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Neurol Genet. 2018 Oct 26;4(6):e280. doi: 10.1212/NXG.0000000000000280. eCollection 2018 Dec.

Molecular pathogenesis of human CD59 deficiency.

Author information

1
Rheumatology Research Center (N.K., A.T., H.H., D.M.), Center of Rare Diseases, and Department of Medicine, Hadassah-Hebrew University Medical Center, Jerusalem; The Weizmann Institute (Y.E.-E., E.P.), Rehovot, Israel; Systems Immunity Research Institute (B.P.M.), Cardiff University, Cardiff, Wales, UK; and Hebrew University (O.S.-F., D.M.), Jerusalem, Israel.

Abstract

Objective:

To characterize all 4 mutations described for CD59 congenital deficiency.

Methods:

The 4 mutations, p.Cys64Tyr, p.Asp24Val, p.Asp24Valfs*, and p.Ala16Alafs*, were described in 13 individuals with CD59 malfunction. All 13 presented with recurrent Guillain-Barré syndrome or chronic inflammatory demyelinating polyneuropathy, recurrent strokes, and chronic hemolysis. Here, we track the molecular consequences of the 4 mutations and their effects on CD59 expression, localization, glycosylation, degradation, secretion, and function. Mutants were cloned and inserted into plasmids to analyze their expression, localization, and functionality.

Results:

Immunolabeling of myc-tagged wild-type (WT) and mutant CD59 proteins revealed cell surface expression of p.Cys64Tyr and p.Asp24Val detected with the myc antibody, but no labeling by anti-CD59 antibodies. In contrast, frameshift mutants p.Asp24Valfs* and p.Ala16Alafs* were detected only intracellularly and did not reach the cell surface. Western blot analysis showed normal glycosylation but mutant-specific secretion patterns. All mutants significantly increased MAC-dependent cell lysis compared with WT. In contrast to CD59 knockout mice previously used to characterize phenotypic effects of CD59 perturbation, all 4 hCD59 mutations generate CD59 proteins that are expressed and may function intracellularly (4) or on the cell membrane (2). None of the 4 CD59 mutants are detected by known anti-CD59 antibodies, including the 2 variants present on the cell membrane. None of the 4 inhibits membrane attack complex (MAC) formation.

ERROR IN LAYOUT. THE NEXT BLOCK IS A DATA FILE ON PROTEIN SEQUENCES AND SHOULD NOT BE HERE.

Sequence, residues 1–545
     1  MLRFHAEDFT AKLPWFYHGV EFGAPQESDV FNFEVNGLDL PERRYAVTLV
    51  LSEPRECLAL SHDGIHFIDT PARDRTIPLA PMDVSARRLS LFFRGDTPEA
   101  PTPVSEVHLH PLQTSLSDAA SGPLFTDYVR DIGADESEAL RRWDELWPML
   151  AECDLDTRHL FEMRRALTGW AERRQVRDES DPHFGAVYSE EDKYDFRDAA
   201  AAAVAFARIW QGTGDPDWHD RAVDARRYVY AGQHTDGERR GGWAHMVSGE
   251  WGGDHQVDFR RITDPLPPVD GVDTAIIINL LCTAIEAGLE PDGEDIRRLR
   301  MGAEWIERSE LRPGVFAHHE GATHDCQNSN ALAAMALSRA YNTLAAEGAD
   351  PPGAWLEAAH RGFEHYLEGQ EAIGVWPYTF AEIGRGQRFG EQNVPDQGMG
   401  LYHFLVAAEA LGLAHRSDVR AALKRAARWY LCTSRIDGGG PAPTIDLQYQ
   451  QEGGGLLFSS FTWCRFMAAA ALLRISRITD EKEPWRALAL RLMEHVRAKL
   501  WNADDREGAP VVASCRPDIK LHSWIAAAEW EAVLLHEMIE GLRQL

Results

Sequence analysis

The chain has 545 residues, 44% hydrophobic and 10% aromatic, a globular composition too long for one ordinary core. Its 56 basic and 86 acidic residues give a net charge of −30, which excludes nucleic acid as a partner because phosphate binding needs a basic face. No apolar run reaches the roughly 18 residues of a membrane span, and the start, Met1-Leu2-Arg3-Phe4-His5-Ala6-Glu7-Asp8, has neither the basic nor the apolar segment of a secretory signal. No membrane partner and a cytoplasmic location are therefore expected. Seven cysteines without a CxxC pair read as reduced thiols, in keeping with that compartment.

Conclusions:

All 4 mutants generate nonfunctional CD59, 2 are expressed as cell surface proteins that may function in non-MAC-related interactions and 2 are expressed only intracellularly. Distinct secretion of soluble CD59 may have also a role in disease pathogenesis.

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